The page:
PTs in general, who are not on the books as registered in the country in which they live, and don’t have visible assets or incomes, stay below the radar with the “6 Flags.”

The following are some basic ideas (in no particular order) that can help a PT get started:

1. Learn to do everything by cash or with stored value tools. There are many stored value tools now such as stores that give their customers credit cards as promotions. Even cell phone cards and long distance cards are stored value tools.

2. Learn to stash money, jewelry, and other stored value items in safe locations.

3. Use corporations to pay all your bills when you can’t use cash or you need extra privacy.

4. Safety deposit boxes are relatively easy to get and are a good place to stash cash, jewelry, etc.

5. Storage rental facilities abound and are pretty secure. They’re not a bad place to stash valuables or even cash. Some people run their businesses out of them.

6. Learn to barter and trade favours in lieu of cash. This is particularly useful across borders and when you need to pay someone but you don’t want your name attached to it

7. Give discounts for people who pay you in cash and ask for discounts when you pay in cash.

8. Use couriers or friends to ship cash around. Don’t tell them what’s in the package or buy insurance. What people don’t know won’t bother them.

9. Don’t tell anyone where you stash your money, particularly friends and girlfriends.

10. Store the money you want the government to know about in the name of a corporation and pay your taxes. It keeps the government happy and reduces how much money you pay.

11. You can purchase money orders from any number of payday loan places. Keep the amounts small and pay in cash.

12. Learn to use more than one money order when settling an account in larger sums. Most people don’t care how many money orders they receive as long as it adds up to the right amount.

13. You can mail small money orders to offshore banks for savings offshore or for specific financial instruments.

14. Stash cash or stored value items in locations you regularly visit.

15. If you like investing in gold, buy jewelry. Some people swear by scouring second-hand places for valuable jewelry that they can buy significantly cheaper than its melt value. A jeweler will melt it down for you or your can do it yourself. Lots of possibilities here.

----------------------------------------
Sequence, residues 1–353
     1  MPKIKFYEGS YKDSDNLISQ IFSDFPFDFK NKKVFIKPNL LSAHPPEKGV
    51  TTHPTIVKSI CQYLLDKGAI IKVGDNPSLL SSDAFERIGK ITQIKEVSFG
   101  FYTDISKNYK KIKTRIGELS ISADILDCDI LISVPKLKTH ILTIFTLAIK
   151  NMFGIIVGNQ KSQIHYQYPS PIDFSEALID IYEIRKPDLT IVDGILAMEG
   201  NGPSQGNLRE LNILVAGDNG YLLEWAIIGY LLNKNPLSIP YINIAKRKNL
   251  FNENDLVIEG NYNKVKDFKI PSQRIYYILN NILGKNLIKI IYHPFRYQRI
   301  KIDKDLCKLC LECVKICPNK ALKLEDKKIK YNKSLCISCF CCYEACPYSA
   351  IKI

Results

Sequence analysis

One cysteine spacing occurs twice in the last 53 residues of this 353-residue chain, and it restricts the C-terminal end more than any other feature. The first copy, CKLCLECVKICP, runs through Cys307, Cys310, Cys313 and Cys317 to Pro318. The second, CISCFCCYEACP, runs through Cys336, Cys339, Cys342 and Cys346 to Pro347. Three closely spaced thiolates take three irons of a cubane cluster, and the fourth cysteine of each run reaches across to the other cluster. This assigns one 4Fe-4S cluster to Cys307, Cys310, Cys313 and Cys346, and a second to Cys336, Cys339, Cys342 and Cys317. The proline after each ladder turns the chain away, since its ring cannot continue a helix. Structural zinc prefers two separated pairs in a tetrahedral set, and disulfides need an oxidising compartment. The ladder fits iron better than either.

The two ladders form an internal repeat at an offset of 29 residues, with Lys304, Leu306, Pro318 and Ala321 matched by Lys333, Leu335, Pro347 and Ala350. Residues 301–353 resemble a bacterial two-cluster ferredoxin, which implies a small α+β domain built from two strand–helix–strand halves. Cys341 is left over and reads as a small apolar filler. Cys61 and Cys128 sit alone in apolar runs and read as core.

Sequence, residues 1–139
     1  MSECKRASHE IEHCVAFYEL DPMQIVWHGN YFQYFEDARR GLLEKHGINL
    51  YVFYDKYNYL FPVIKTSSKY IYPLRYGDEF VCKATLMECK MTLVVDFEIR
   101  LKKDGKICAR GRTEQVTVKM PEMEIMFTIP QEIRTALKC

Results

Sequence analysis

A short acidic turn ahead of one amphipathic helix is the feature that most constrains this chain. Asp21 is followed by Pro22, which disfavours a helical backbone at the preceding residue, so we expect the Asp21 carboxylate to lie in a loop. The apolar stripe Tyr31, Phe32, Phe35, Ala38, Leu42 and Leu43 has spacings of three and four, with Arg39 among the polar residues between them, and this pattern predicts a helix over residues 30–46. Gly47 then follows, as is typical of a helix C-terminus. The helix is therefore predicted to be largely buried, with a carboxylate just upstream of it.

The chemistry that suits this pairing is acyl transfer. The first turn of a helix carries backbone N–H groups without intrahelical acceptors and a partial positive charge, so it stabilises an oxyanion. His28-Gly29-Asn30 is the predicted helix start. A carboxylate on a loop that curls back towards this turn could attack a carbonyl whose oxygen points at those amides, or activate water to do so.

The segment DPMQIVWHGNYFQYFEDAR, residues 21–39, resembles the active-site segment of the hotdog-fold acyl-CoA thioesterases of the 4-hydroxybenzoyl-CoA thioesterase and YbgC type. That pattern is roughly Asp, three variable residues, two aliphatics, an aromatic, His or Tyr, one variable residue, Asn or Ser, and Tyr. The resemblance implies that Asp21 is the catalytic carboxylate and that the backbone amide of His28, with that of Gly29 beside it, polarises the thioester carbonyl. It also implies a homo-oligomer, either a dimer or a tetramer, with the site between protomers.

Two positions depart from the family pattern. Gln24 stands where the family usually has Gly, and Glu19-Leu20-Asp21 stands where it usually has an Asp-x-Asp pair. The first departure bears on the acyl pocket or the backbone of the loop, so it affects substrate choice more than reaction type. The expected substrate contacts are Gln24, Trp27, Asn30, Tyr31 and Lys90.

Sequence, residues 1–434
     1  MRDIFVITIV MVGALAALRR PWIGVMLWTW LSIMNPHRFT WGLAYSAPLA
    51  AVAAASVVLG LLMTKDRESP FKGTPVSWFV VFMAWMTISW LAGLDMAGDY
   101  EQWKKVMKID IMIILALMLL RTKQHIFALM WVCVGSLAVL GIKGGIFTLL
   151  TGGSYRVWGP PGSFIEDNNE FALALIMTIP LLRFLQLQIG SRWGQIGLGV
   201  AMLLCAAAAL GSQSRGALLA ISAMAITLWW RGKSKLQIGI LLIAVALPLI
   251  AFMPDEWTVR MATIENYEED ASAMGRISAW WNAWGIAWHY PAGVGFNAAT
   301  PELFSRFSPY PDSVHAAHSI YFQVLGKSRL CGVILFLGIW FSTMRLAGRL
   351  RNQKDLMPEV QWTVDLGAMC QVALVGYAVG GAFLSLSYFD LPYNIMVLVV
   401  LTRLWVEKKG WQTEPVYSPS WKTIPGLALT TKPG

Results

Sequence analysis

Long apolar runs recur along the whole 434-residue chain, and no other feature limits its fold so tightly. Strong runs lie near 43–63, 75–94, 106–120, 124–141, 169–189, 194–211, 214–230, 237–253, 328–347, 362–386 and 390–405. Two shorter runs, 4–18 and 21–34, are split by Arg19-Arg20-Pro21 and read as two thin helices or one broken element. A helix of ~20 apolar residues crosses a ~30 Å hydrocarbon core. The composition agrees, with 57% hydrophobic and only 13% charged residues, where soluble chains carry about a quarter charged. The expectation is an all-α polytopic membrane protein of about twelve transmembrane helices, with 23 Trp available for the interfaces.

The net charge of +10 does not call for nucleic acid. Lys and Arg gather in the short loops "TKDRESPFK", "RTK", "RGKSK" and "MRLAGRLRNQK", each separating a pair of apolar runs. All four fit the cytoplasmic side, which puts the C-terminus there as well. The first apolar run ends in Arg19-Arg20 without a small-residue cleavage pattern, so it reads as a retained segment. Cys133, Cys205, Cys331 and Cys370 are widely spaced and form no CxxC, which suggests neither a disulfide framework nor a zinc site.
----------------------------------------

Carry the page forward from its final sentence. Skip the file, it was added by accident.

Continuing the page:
16. Offer to buy your friends’ and family’s left-over foreign currency to add to your stash or use when you travel. It’s cheaper than traveler’s cheques and a whole lot harder to track.

17. Money belts.

18. Always remember that money is not the only currency in life. Think about currency and value.

Those are some very random and broad ideas. None are particularly new, but the explosion of stored value financial instruments that are being given away and sold at convenience stores is a major boon to the PT.

Payday loan places, corproate kiosks in malls, office services places, secure storage facilities, flea markets, classified advertising sites, newsletters, etc. are all making it easier to function in the underground economy using only cash.


This stuff is OK for small transactions, but once you get to a higher level and/or are dealing in big ticket receipts, or expenditures, these methods can be impractical.

Storing wealth or taking in trade collectible coins, jewelry, old oriental rugs, small collectibles, gold bars, gemstones, antique watches, rare stamps – all that is OK if you want to be into those things as a business. You will need to know values and that takes a lot of time, effort, and hard-to-gain expertise. Of course, you don’t have liquidity.

I know. Once, when I needed money in 48 hours, I had to sell a lot of stuff fast at what I regarded as average prices of 5% of value. Collectibles are junk except to collectors.

If you are or become an international consultant like a marketing guru, IT expert, or lawyer, for instance, and bringing in big fees like $50,000+ at a crack, the above solutions also tend to be less than practical.

The same would be true if you hit it big with a best selling book, novel, art work, or anything else that will earn you serious money. It is pretty much impossible to avoid income taxes legally if you live in a high-tax country.

Some income can be “sheltered” with tax favored investments that vary from country to country, but it is always a hassle involving lawyers, accountants, and many technicalities.

One solution, if you’re not a gringo, is to simply reside “legally” in a tax haven like Bahamas, Monaco, or Bermuda. Also, there is no income tax in most Central and South American countries.

You could also live in Switzerland or Liechtenstein where taxes can be negotiated as a lump sum for some years in advance. Then what you actually earn is irrelevant.

You can use conventional banks anywhere, checks, credit cards, cash and not worry about privacy or e-currency – unless there are other reasons involved.

Your income is not taxable. American Gringos of course need to get a second citizenship to do any of this, as they are legally required to file tax and information returns even if they haven’t lived in the USA physically for all their lives.

PTs in general, who are not on the books as registered in the country in which they live, and don’t have visible assets or incomes, stay below the radar with the “6 Flags.”

But banking havens, while they still exist, are becoming more rare. Using corporations in the above scenario does indeed work…for now!


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